|9 June 2022 – 8
| The title of Dr. Bassuener’s opening statement for the discussion with Circle 99 refers to what is evidently a common interest of BiH’s political class and the EU to come to some accommodation regarding the election law / “limited constitutional reform,” despite – or rather, because of – repeated failure to date. For BiH’s dominant political leaders, especially HDZ BiH leader Dragan Čović, the desperation is obvious and palpable. Čović sees his window of opportunity closing to lock-in a more hermetically sealed version of ethnic party-led feudalism than BiH already has. His longstanding threat to prevent elections from being held has been backed by Zagreb, with the HDZ pushing the agenda in the EPP ranks and the European Parliament – without success, thus far. President Milanović’s threat to prevent Sweden and Finland from being invited to join NATO – while to my understanding not within his constitutional power – serves to demonstrate how for most of the Croatian political spectrum, BiH is viewed solely through the ethnic lens.
Yet the EU also radiates desperation for some sort of “deliverable,” as evidenced by European Council President Charles Michel’s visit. Anything to signify progress on the “European path” for BiH would be cited as evidence that a long-failing EU enlargement policy here in BiH – indeed regionwide – is not failing. The amount of transatlantic political capital devoted to the election law issue has yielded nothing to date; the messaging from the US and UK now seems focused on ensuring elections are held on time and throughout the country. But the EU posture seems intent on grasping for some evidence to prove its vaunted “transformative power” to itself, not to BiH or Western Balkan peoples. This week’s meeting of the Peace Implementation Council Steering Board will likely showcase these frictions.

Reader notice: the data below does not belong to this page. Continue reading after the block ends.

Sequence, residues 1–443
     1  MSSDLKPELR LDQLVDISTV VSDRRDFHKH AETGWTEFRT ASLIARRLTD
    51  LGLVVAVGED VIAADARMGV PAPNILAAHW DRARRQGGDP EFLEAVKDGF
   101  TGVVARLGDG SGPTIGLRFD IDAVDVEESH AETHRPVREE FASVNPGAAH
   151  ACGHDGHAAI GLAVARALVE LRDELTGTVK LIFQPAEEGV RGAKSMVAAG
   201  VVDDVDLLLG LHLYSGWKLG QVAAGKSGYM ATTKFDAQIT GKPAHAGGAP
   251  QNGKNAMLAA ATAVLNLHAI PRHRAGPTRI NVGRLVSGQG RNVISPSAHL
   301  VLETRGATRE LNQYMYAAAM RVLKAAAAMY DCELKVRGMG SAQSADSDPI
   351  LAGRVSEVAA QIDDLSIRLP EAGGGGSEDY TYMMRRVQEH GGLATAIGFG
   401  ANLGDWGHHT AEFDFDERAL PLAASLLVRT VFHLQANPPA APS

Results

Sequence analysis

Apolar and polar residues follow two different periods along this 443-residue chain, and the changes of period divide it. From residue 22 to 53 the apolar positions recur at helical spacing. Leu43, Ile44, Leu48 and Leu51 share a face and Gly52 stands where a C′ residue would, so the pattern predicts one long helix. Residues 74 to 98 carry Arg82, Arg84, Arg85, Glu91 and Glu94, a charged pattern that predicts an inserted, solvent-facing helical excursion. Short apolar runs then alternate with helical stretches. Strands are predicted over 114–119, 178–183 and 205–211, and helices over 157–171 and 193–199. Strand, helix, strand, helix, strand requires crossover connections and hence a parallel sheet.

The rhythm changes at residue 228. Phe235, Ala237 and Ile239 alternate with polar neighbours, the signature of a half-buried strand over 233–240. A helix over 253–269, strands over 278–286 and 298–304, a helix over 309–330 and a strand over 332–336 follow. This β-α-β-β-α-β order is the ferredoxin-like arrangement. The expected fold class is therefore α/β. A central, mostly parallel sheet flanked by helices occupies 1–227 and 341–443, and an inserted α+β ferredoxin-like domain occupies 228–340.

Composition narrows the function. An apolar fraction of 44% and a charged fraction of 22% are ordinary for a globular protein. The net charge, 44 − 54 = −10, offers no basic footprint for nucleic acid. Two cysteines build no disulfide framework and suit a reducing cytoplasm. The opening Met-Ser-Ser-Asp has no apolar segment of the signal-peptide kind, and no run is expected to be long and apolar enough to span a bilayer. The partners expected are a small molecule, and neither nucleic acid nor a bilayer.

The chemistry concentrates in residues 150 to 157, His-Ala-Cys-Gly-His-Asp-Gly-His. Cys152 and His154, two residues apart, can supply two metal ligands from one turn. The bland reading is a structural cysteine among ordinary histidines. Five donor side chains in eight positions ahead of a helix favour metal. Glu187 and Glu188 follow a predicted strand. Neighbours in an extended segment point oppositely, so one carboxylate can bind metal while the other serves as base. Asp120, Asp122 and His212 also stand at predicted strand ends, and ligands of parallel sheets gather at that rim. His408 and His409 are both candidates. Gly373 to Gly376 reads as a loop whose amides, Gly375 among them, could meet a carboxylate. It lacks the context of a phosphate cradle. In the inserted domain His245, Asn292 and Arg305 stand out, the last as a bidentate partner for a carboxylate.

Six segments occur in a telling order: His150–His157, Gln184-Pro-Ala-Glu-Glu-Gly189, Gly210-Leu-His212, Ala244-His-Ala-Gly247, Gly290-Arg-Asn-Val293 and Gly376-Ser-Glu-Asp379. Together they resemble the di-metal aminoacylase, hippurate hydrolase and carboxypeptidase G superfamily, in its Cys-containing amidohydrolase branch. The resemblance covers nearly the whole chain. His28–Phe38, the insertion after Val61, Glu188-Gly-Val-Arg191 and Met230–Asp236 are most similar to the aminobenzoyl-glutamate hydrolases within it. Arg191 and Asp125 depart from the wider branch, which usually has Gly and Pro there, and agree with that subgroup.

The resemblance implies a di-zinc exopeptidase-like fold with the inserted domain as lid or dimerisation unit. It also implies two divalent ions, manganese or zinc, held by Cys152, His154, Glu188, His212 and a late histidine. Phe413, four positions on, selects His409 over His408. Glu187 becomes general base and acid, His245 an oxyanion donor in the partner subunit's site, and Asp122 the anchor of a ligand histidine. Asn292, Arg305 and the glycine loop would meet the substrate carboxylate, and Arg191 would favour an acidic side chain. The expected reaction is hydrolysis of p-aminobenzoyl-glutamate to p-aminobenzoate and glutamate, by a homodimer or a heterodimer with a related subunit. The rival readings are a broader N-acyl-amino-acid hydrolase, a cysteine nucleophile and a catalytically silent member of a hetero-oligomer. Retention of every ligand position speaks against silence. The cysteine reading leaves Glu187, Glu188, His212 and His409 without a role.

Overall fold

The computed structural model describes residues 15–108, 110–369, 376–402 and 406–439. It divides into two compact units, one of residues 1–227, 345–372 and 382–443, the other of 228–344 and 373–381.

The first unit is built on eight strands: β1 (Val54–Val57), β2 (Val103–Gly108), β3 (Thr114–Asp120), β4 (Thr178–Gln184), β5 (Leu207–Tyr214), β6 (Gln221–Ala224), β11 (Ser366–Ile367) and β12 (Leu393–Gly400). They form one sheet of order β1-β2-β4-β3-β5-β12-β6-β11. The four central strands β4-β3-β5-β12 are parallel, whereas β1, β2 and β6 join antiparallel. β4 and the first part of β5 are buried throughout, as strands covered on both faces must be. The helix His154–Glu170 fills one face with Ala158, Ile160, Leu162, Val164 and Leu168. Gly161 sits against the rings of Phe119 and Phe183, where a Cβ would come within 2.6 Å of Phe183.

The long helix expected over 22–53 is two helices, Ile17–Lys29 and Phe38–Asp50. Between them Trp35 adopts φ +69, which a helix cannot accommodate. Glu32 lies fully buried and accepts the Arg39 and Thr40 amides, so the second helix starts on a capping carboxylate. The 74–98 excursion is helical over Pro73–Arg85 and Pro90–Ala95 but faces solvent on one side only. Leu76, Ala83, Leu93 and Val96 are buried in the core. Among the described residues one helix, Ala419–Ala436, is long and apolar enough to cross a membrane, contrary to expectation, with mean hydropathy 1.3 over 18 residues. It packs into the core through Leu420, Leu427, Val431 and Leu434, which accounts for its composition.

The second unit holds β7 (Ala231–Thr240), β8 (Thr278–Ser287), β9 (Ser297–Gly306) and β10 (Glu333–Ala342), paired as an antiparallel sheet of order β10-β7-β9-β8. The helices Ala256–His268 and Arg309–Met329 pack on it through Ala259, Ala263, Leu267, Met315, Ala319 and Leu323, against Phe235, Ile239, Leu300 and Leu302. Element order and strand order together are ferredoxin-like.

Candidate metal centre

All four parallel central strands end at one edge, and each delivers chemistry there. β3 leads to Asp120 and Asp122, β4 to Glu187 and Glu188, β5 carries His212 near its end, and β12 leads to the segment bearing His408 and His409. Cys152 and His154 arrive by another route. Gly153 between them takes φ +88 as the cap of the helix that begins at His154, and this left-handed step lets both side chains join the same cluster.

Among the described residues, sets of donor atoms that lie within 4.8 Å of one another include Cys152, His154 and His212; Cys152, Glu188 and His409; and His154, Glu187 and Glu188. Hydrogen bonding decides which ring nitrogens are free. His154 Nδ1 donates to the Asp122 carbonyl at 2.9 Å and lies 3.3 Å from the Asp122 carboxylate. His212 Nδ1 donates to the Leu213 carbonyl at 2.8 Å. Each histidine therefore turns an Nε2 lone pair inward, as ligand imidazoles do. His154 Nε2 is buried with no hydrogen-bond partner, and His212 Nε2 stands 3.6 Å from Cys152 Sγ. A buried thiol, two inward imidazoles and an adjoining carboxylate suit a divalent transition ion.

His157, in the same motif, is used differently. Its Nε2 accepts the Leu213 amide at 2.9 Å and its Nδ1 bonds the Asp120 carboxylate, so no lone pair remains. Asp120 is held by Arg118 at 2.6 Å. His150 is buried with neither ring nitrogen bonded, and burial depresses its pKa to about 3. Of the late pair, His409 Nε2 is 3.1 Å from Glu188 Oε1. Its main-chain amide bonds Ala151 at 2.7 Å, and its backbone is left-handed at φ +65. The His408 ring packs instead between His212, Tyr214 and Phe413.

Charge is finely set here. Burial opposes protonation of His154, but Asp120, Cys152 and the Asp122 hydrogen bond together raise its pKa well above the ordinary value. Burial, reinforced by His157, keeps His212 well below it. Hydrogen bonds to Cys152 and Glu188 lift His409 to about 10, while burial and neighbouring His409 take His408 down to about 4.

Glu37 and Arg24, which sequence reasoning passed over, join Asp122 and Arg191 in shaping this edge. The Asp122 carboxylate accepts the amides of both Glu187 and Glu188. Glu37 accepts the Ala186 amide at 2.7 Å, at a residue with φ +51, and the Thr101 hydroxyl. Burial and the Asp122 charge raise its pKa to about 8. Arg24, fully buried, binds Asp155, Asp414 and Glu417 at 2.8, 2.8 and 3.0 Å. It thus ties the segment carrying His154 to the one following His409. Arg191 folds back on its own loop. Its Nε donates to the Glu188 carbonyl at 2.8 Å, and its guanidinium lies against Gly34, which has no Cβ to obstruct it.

This display is particularly jarring given the tectonic shift precipitated by Russia’s full-scale assault on Ukraine since February 24th. Since then, there have been unprecedented demonstrations of Western unity – and regular declarations about the primacy of democratic values and human dignity in the Western discourse. Ukraine’s staunch resistance and determination, so ably represented and articulated by President Volodomyr Zelenskyy, is largely responsible for this phenomenon. Despite numerous caveats, this unity and support – however late and spotty – for Ukraine’s self-defense is greater than certainly Putin, as well as many of us, would have believed.
And yet, despite this undeniable movement, this has yet to manifest itself to any considerable degree in the Western Balkans. If united, the West has the greatest leverage and widest possible toolbox in this region to affect the dynamic, prevent and deter negative developments, and enabling progress where the organic impetus for it can develop. For well over a decade, divergent threat perceptions were evident and qualified that potential unity. But even now, despite declarative recognition of the risk potential, and its advantageous structural position, the West continues to allow the agenda to be set by the most retrograde and reactionary political actors – and not just in BiH. In BiH’s case, the system is typified as a business model that no major political actors wish to fundamentally change, but rather participate in. Their meeting point is ensuring impunity, avoiding accountability o to citizens politically and legally. SDA leader Bakir Izetbegović would inherently benefit from a formal feudal carve-up with the HDZ; the problem for him is not a moral impediment, but a marketing problem. He could only have a chance selling it if it appeared he bent to Western, especially American, pressure.